Russia’s economy is doing better than expected despite Western sanctions imposed on Moscow over the war in Ukraine, the International Monetary Fund says in a new report.
The sanctions were imposed to sever Russia from the global financial system and choke off funds available to Moscow to finance the war.
However, the Russian economy appears to be weathering the storm of the sanctions as the country’s GDP estimate was upgraded for this year by a remarkable 2.5 percent, according to the IMF’s latest World Economic Outlook released on Tuesday.
The main reason why Russia’s economic downturn is not as bad as expected is that “the Russian Central Bank and the Russian policymakers have been able to stave off a banking panic or financial meltdown when the sanctions were first imposed,” IMF Chief Economist Pierre-Olivier Gourinchas told AFP in an interview.
Another reason is that rising energy prices are “providing an enormous amount of revenues to the Russian economy,” Gourinchas added.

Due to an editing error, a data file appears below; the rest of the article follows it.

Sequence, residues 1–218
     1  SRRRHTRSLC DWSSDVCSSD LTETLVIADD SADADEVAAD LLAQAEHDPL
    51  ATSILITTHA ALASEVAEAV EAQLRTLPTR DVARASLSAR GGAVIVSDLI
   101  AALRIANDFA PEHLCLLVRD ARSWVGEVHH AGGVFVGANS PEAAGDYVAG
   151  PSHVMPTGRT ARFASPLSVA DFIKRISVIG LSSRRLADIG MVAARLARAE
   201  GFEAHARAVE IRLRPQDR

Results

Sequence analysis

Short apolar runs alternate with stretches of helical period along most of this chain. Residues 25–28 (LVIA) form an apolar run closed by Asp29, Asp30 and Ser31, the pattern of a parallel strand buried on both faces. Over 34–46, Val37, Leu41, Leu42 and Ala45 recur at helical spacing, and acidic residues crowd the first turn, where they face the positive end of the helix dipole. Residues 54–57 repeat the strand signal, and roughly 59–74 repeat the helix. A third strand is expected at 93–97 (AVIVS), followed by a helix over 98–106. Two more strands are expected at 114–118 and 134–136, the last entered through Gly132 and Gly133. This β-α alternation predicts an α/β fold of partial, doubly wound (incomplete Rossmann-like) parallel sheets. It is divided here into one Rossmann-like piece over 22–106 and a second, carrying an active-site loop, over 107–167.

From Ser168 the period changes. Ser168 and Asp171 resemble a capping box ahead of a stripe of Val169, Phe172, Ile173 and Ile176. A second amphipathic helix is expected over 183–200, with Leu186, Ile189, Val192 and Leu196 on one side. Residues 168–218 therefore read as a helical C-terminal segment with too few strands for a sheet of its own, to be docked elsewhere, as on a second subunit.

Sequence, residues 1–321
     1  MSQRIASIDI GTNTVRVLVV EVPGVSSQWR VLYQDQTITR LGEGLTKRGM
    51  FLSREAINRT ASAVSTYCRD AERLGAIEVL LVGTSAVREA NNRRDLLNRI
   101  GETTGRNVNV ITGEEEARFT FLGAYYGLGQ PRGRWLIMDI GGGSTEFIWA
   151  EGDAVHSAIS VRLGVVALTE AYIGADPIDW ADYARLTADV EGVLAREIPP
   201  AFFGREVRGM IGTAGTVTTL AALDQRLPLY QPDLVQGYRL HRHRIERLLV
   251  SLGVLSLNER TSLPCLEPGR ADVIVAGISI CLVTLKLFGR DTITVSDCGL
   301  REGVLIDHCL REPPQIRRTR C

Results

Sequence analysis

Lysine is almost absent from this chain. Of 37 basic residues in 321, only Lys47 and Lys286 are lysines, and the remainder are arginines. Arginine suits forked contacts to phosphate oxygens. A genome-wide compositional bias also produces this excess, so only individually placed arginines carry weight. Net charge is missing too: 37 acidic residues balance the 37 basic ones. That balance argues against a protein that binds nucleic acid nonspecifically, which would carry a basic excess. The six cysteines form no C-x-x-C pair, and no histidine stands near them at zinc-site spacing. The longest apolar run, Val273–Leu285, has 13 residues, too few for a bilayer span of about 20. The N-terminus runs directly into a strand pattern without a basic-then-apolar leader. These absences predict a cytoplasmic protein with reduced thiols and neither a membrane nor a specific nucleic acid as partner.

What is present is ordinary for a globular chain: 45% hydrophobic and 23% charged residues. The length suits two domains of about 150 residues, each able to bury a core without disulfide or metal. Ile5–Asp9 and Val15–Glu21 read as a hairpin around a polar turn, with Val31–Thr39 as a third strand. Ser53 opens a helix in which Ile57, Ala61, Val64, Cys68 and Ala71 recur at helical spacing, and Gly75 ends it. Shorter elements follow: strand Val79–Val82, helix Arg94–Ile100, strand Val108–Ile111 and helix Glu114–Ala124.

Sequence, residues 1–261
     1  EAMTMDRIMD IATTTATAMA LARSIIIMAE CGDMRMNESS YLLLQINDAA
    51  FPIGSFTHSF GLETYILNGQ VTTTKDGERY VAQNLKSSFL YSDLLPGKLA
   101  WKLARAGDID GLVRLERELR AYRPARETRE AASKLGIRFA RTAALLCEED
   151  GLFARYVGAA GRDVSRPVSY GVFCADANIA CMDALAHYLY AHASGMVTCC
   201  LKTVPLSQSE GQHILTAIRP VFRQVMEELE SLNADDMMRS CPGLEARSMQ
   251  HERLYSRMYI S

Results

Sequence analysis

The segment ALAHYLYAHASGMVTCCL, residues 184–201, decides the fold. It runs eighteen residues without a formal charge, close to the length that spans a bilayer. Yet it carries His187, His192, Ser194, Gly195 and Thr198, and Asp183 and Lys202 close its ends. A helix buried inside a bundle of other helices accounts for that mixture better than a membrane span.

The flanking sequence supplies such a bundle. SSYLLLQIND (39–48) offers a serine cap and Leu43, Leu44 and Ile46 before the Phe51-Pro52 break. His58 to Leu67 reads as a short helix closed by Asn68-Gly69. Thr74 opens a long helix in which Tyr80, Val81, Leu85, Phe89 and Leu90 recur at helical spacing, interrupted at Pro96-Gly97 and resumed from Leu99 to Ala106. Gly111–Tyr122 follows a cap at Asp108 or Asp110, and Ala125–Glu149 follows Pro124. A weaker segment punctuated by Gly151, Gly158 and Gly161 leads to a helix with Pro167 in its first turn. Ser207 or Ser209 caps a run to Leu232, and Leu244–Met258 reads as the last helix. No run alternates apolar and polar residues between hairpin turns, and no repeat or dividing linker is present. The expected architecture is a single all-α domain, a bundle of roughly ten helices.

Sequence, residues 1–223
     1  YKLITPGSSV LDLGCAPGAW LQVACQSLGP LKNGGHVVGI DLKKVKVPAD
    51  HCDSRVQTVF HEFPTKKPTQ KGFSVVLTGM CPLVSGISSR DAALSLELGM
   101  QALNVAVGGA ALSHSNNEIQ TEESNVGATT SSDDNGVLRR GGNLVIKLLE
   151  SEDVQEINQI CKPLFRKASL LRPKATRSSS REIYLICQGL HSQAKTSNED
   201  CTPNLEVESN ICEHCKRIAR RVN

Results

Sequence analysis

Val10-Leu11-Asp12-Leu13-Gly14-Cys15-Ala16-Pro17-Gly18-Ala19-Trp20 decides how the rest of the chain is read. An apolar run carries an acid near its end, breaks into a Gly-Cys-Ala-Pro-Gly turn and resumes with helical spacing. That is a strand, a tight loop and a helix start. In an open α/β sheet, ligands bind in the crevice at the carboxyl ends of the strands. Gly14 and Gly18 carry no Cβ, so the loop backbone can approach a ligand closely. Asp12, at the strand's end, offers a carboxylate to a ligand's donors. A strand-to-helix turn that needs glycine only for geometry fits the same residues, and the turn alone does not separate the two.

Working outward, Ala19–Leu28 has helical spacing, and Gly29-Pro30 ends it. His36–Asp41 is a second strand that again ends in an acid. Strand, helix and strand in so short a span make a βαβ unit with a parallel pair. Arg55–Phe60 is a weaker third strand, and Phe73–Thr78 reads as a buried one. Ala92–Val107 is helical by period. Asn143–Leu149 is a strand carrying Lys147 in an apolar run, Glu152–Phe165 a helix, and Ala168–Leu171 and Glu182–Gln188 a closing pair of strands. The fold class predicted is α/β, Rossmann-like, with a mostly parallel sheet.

According to the agency’s report, “Russia’s economy is estimated to have contracted during the second quarter by less than previously projected, with crude oil and non-energy exports holding up better than expected.”
The IMF says Europe is bearing the brunt of the fallout from sanctions given its reliance on Russia for energy. The situation could worsen dramatically if Moscow cuts off gas exports to Europe.
This comes as the IMF also said on Tuesday that the US has only a slim chance of avoiding an economic downturn given the many risks it faces.
“It’s a very narrow path,” Gourinchas said. “The current environment suggest that the likelihood that the US economy can avoid a recession is actually quite narrow,” AFP reported.
He warned that even a “small shock” could tip the US economy into recession.